About a month ago Ron Huldai launched his new party with a decent acquisition – Avi Nissenkorn, the justice minister who separated himself from Kahol Lavan’s failures and remained popular due to his reasonably tough approach to Benjamin Netanyahu. The polls gave the party eight or nine Knesset seats.
Huldai then wondered what would happen when push came to shove. As one whose main motive to enter national politics after many years of hesitating was to oust Netanyahu, the question was whether to join up with Yair Lapid’s Yesh Atid, when and on what terms. Huldai apparently didn’t imagine that within a month the question would be whether he’d be willing to be the No. 2 of new Labor Party chief Merav Michaeli.
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Michaeli is now the hottest name on the center-left stock exchange, though it’s a bit heartbreaking that “a hot name” in Labor means winning just enough votes for the party to make it into the Knesset. Michaeli kept her oppositional spirit while her party cohorts Amir Peretz and Itzik Shmuli entered the cabinet. When she was elected Labor leader she demanded that they leave the government and made Peretz quit the party.
Putting a feminist at the helm infuses the party with a sense of new life. After the primary for the Knesset slate and a possible decent acquisition by Labor, too, Michaeli could well extend her days of glory and maybe even expand the party to five or six Knesset seats. But Huldai’s case can provide more than a hint of what’s in store.
How did Huldai’s party deteriorate within a month from a leading player in the anti-Netanyahu camp to a spot below the 3.25-percent electoral threshold? How did Tel Aviv’s successful mayor not only fail to expand beyond the Yarkon River but have to see some of his supporters choose an option that appears “more genuinely liberal”?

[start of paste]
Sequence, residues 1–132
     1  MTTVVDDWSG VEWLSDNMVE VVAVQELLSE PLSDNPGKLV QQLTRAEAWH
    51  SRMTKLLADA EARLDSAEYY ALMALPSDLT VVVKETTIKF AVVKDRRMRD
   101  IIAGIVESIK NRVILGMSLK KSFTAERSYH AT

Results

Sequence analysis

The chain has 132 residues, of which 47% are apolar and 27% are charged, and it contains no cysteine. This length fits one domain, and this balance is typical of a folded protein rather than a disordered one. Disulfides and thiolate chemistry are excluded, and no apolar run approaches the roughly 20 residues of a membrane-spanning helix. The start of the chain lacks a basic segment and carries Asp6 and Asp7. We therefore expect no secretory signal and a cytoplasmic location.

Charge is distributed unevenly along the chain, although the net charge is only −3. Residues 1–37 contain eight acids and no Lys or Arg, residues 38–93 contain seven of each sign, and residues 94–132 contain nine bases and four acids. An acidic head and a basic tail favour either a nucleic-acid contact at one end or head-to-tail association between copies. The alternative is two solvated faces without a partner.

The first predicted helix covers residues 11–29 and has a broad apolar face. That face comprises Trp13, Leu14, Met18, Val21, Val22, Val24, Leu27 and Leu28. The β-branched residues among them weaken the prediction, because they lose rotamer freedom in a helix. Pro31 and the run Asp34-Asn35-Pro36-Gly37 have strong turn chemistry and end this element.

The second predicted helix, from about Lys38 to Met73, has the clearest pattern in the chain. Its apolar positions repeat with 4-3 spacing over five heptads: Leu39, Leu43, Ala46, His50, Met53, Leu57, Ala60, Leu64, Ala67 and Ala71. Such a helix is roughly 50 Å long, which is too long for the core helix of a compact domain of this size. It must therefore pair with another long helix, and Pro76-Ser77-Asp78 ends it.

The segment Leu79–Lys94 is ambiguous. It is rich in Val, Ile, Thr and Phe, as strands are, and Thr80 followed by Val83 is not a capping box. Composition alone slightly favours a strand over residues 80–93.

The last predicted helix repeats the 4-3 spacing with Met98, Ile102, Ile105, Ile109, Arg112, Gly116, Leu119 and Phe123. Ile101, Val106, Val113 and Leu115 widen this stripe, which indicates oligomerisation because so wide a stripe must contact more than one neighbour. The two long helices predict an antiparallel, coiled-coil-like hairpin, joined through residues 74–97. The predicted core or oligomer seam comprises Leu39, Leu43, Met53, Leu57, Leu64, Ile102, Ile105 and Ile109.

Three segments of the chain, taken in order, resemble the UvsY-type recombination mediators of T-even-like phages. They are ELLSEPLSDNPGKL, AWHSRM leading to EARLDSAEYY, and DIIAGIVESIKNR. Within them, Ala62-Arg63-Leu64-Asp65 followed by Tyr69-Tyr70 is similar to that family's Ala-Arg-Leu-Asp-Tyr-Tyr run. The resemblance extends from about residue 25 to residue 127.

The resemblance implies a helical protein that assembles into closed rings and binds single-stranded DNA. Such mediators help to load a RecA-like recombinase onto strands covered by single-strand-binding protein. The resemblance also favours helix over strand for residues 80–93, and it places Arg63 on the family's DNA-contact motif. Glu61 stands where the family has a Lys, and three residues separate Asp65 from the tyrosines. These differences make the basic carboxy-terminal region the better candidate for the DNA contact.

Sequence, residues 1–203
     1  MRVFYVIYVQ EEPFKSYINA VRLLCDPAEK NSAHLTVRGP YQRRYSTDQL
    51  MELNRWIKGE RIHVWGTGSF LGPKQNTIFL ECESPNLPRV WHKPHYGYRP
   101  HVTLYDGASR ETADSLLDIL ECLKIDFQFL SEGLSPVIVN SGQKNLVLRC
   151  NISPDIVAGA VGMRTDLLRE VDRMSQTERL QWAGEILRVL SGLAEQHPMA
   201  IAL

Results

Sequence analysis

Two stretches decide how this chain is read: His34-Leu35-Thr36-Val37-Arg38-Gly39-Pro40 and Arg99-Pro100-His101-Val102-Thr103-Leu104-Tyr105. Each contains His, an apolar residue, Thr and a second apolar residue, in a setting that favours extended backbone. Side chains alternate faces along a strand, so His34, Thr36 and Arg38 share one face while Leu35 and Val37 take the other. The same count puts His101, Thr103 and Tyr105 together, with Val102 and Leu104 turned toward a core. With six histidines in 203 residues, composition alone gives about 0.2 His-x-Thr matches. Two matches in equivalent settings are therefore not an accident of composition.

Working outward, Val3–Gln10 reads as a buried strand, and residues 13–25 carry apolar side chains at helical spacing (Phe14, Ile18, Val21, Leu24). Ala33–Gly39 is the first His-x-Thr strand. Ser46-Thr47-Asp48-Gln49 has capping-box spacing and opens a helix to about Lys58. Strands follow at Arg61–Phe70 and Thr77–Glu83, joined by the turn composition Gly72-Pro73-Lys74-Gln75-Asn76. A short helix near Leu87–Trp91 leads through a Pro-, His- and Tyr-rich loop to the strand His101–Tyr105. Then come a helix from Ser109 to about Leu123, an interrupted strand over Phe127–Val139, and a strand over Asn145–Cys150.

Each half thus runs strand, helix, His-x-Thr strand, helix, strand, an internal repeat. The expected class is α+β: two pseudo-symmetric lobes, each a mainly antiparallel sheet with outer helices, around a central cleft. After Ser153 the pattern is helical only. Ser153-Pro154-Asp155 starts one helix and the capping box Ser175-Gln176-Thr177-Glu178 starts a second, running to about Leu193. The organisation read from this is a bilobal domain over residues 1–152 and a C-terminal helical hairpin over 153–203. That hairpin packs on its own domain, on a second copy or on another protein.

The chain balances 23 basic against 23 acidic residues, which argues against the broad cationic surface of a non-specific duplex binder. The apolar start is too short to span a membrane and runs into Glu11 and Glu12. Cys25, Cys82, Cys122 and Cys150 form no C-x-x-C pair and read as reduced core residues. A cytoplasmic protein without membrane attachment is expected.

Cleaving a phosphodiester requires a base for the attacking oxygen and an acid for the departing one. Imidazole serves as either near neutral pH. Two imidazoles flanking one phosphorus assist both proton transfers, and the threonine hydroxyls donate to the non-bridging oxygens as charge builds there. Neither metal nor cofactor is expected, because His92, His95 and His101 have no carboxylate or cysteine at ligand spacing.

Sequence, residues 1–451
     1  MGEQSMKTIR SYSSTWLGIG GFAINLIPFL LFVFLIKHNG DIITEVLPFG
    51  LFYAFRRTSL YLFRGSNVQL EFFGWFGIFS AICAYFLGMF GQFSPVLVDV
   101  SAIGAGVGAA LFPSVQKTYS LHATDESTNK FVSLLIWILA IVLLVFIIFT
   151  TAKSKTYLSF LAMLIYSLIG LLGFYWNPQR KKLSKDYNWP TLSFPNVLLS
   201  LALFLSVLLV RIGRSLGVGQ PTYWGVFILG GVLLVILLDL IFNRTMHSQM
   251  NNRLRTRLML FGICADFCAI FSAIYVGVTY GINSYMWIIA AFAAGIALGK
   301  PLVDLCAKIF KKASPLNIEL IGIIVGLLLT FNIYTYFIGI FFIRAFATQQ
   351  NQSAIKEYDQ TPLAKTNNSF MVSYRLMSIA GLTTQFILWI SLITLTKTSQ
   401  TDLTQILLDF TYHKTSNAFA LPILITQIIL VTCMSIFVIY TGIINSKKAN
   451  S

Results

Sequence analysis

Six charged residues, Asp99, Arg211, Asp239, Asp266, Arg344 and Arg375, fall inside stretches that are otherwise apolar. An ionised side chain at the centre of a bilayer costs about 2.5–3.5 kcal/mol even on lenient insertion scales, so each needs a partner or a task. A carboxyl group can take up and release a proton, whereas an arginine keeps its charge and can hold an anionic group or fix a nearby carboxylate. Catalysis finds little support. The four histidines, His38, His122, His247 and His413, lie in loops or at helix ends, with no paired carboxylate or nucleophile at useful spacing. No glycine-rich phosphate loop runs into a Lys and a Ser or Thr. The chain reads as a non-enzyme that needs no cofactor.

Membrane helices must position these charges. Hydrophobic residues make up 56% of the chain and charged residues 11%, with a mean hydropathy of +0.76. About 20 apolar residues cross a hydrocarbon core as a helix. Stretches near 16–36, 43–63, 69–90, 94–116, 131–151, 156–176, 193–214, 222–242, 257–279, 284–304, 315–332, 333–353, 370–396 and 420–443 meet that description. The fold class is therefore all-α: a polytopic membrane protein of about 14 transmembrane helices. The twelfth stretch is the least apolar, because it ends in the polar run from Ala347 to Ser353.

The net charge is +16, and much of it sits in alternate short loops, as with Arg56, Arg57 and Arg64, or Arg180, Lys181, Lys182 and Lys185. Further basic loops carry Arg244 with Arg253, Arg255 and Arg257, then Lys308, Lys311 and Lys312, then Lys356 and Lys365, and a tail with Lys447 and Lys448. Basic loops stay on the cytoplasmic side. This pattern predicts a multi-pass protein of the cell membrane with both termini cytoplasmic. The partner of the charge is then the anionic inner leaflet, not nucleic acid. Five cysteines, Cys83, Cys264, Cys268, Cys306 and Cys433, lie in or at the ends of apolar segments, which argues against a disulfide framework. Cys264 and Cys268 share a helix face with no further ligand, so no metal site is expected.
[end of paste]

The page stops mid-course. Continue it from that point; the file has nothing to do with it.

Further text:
What happened to Huldai wasn’t entirely his doing. It didn’t depend on the quality of his interviews, the women he didn’t add to his ticket or his failure to resign from his mayoral post – rational reasons that are being cited to explain his party’s crisis. What happened to Huldai is what happened to some extent to Naftali Bennett and what will probably happen to Gideon Sa’ar and Michaeli – each in their own time and dimension.
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Many people complain about the politicians’ low standard, nonexistent credibility and the culture of falsehood they spread. Nobody complains about the voters, who are addicted to party launches but get bored once they see the next new toy.
The Sharon family’s Big Bang with Kadima in 2005 reinforced this phenomenon. It created a new standard in Israeli politics, of parties associated with one person who determines the ticket with the help of advisers. Anyone who believes he or she is somebody – with or without any connection to reality – founds a party and sweeps in whoever, only to discover that getting voters to the ballot box is much harder.
The polls predict shifting sands. Today they’re here, tomorrow they’re somewhere else – it depends where the new show is taking place. What then is the meaning of a strong opening in the polls when reality proves that the magic will fade like a thought in the head of someone with attention deficit disorder?
This is an important lesson for anyone now at the top of the Ferris wheel. Before you set off on a wild ride of self-adulation and overconfidence of being the election’s game changer, you better wait a week or two and check if that moment wasn’t as fragile as the cotton candy down on the ground.